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Leasing: Is It Right For You?

Leasing: Is It Right For You?

By Jeff Youngs, February 24, 2012
The first question many people ask when leasing a vehicle is, "How much is my monthly payment going to be?" But there's more to it than that.

What really needs to be assessed is the total amount being charged over the lease term including fees, taxes, security deposits, and any lease-end payments. Often, there are fees associated with the number of miles driven and the condition of the vehicle at lease end.

Leasing can be done through a variety of companies, including captive lessors (those associated with vehicle manufacturers), banks, credit unions, and independent leasing companies. Finance companies that are associated with vehicle manufacturers often subsidize leases in order to make their models more financially attractive.

Understanding the lease payment

All monthly lease payments are comprised of two basic elements, a depreciation fee and a rental fee. When you lease a vehicle, you are paying for both the cost to operate the vehicle as well as an amount that represents the vehicle's depreciation while it is in your possession. To determine your depreciation component, the lessor (the company leasing the vehicle to you) looks at the cost of the vehicle, including fees and any negative equity you have, as well as destination and other charges. This amount is called the adjusted capitalization cost or adjusted cap cost.

The adjusted cap cost is subtracted from the amount that the vehicle is estimated to be worth at the end of the lease period (this amount is called the residual value). This amount is then divided by the number of payments you will make during your lease period. The depreciation component is usually the largest portion of your monthly lease payment.

To arrive at the rental portion of your lease payment, simply add the adjusted cap cost and the residual value, which equals the lease balance multiplier. Then multiply this number by the money factor, which is similar to the interest rate on a loan. This figure represents the money component of the lease-the amount required to basically rent the vehicle for an agreed upon length of time.

While all lease payments include these two components, taxes can also be rolled into the monthly payment if they are not paid up front. Be sure to find out what the taxes are for the vehicle you are leasing, including the amount of luxury tax, if applicable.

When you are negotiating the deal, be sure to think about it in terms of the total financial cost, not only your monthly payment cost. Many consumers forget to include items such as security deposits, down payments, dealer prep fees, or lease-end charges, all of which can substantially increase the total cost of the lease.

Leasing Tips

Here are some tips to consider before leasing a new vehicle:

Research your options thoroughly. Remember, it is not a requirement to use a captive lessor (those associated with a vehicle manufacturer) to lease any vehicle, so check with your bank, credit union or an independent company to ensure you are getting the ideal arrangement for your particular circumstances.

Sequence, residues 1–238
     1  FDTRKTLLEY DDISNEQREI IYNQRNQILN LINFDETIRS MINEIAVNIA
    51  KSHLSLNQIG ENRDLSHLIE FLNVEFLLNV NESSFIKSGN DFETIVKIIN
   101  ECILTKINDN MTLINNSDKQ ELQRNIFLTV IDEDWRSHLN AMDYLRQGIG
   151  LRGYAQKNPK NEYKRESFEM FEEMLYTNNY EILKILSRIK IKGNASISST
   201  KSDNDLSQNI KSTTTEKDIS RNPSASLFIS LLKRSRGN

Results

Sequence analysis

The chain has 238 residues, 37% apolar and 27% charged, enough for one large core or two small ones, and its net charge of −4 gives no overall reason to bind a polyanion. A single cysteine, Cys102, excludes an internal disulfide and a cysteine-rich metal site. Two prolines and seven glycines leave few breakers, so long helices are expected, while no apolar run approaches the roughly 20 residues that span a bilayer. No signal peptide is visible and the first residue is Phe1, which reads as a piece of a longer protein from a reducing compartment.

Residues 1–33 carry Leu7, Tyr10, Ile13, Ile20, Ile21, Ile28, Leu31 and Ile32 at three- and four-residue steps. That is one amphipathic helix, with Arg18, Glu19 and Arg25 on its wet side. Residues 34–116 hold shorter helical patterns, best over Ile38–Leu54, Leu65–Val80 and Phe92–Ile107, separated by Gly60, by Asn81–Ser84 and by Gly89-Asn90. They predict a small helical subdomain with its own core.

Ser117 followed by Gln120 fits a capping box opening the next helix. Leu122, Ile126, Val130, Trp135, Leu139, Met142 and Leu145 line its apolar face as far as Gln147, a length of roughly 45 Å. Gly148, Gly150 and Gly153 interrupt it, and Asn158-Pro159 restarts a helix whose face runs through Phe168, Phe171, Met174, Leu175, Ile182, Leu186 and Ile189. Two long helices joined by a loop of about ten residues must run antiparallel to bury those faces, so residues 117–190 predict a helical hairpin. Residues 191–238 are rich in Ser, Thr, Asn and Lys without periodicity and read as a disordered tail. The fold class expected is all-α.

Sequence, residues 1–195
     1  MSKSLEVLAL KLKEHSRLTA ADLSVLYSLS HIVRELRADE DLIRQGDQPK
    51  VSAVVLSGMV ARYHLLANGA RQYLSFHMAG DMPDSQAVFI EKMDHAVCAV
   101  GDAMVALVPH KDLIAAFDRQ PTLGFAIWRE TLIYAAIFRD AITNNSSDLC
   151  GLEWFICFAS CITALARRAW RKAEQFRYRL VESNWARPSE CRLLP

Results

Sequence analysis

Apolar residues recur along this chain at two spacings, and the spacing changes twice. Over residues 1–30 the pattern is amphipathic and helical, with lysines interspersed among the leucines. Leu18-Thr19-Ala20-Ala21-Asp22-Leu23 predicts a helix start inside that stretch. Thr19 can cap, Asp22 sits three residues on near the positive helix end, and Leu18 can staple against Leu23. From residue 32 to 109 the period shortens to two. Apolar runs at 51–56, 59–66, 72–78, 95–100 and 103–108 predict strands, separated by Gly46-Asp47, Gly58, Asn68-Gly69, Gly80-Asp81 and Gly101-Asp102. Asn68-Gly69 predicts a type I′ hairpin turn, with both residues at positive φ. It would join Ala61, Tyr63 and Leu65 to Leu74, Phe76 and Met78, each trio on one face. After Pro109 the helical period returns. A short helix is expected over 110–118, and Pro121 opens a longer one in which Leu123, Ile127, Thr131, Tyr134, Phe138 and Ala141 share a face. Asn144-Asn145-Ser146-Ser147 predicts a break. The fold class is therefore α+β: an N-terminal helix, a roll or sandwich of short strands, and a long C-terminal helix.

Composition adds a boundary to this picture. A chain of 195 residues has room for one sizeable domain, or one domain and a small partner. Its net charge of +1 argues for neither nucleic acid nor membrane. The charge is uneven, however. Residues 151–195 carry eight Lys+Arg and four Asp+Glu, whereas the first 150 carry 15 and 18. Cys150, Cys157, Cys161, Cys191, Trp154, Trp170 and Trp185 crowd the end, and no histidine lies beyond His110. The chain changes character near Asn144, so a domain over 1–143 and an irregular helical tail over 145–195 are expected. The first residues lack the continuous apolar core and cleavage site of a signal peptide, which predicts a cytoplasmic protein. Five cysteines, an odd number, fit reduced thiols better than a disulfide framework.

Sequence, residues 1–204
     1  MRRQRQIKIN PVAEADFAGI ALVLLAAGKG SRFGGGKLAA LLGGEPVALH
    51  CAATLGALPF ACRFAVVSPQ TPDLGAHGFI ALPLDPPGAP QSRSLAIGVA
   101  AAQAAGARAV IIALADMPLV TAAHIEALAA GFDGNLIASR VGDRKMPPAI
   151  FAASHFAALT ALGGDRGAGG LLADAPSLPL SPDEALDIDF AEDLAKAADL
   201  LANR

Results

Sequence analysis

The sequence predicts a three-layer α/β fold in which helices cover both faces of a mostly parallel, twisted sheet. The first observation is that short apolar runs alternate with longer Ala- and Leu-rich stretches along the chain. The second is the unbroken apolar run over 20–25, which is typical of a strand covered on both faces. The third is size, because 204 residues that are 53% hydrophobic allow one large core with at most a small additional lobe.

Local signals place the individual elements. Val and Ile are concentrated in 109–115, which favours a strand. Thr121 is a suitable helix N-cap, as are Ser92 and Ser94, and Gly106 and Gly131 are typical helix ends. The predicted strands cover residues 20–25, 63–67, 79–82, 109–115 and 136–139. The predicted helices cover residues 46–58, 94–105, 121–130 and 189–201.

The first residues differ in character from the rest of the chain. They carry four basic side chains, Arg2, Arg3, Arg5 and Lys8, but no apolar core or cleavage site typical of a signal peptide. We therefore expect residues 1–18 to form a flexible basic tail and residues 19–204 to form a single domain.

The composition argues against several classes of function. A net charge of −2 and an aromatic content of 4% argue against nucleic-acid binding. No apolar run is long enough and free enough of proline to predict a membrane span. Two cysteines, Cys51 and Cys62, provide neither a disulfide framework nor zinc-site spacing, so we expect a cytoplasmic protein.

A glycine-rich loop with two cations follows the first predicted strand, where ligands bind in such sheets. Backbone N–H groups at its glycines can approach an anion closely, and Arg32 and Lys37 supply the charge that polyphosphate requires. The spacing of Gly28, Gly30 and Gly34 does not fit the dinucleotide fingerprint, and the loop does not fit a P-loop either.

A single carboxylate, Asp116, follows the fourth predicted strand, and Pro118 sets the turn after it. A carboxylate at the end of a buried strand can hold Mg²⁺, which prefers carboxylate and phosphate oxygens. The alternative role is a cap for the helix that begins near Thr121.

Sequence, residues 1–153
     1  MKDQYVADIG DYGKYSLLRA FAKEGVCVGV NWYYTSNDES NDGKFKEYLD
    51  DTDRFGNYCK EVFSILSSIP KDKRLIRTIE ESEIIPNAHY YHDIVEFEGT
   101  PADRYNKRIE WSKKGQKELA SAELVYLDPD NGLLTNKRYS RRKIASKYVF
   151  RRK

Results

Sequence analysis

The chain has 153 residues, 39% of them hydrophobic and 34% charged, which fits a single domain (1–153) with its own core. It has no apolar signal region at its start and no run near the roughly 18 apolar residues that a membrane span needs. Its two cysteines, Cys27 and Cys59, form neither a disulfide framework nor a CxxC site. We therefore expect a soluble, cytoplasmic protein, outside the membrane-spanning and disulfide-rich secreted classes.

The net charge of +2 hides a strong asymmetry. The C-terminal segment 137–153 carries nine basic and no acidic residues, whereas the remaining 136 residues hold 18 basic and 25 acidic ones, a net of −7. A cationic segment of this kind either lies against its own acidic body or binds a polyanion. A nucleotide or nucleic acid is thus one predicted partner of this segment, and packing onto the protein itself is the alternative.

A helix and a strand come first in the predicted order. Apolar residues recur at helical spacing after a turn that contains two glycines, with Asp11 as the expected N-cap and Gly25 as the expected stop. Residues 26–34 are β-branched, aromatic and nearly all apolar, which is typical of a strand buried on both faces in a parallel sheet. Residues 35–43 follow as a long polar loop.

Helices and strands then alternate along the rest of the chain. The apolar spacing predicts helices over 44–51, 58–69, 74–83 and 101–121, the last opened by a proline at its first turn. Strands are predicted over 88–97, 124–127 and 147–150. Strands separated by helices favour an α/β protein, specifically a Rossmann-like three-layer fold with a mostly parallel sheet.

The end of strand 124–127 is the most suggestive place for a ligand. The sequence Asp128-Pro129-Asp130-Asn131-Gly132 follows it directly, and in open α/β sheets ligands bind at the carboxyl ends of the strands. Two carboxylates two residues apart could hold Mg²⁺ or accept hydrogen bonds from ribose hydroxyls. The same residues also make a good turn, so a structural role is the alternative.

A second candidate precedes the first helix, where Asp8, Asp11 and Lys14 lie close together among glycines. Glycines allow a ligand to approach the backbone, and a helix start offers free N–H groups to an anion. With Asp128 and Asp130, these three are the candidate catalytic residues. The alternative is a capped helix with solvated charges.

Choose a vehicle with a high residual value. The residual value is the amount that the vehicle is estimated to be worth at the end of the lease, assuming it does not have excessive wear and tear. By choosing a vehicle with a high residual value, your payments are likely to be lower than they would be if the residual value was lower.

Stay within the annual mileage limits. All lease contracts have limits on the amount of miles the vehicle can be driven during the lease term. Typically, there is a per-mile charge for vehicles that exceed the mileage agreed upon in the lease contract. If you think you will drive over the mileage limit of your contract, ask about purchasing extra miles up front at a discounted rate, or better yet, negotiate a lease that includes higher mileage limits.

Don't terminate the lease early. In addition to penalties charged for early termination, lessees who turn their vehicles in early may find they owe more money for this privilege. This is because the depreciation rate has been calculated for the term of the lease, so the lessor recalculates the depreciation, which results in an additional charge to you.

Read the fine print. There can be many hidden costs written into a lease, such as dealer fees for additional services and lease-end payments. Read your lease contract carefully and make sure that the numbers (adjusted cap cost, residual value, and monthly payment) are all included and are the terms that you agreed to.

You're a good candidate for leasing if.
You enjoy driving a brand new vehicle every few years
You don't have much money for a down payment
You drive less than 15,000 miles annually
You'd like to drive a more expensive car than you could otherwise afford to buy under traditional financing terms
You take proper care of your car, servicing and washing it regularly
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